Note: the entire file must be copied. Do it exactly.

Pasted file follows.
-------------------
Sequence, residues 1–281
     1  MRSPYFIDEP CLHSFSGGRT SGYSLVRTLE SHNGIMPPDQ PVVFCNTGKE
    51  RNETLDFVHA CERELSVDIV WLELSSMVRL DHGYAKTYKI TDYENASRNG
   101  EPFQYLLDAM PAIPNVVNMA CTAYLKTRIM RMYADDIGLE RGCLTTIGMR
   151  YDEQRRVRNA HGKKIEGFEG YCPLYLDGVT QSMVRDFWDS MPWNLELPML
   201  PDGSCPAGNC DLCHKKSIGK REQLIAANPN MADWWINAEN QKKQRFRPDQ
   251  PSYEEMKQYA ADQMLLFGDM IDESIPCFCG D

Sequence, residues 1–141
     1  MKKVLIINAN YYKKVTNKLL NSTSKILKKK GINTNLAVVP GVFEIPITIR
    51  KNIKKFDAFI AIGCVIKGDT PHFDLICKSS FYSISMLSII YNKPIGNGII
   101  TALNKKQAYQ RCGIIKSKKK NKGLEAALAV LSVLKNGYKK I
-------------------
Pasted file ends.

Sequence, residues 1–281
     1  MRSPYFIDEP CLHSFSGGRT SGYSLVRTLE SHNGIMPPDQ PVVFCNTGKE
    51  RNETLDFVHA CERELSVDIV WLELSSMVRL DHGYAKTYKI TDYENASRNG
   101  EPFQYLLDAM PAIPNVVNMA CTAYLKTRIM RMYADDIGLE RGCLTTIGMR
   151  YDEQRRVRNA HGKKIEGFEG YCPLYLDGVT QSMVRDFWDS MPWNLELPML
   201  PDGSCPAGNC DLCHKKSIGK REQLIAANPN MADWWINAEN QKKQRFRPDQ
   251  PSYEEMKQYA ADQMLLFGDM IDESIPCFCG D

Sequence, residues 1–141
     1  MKKVLIINAN YYKKVTNKLL NSTSKILKKK GINTNLAVVP GVFEIPITIR
    51  KNIKKFDAFI AIGCVIKGDT PHFDLICKSS FYSISMLSII YNKPIGNGII
   101  TALNKKQAYQ RCGIIKSKKK NKGLEAALAV LSVLKNGYKK I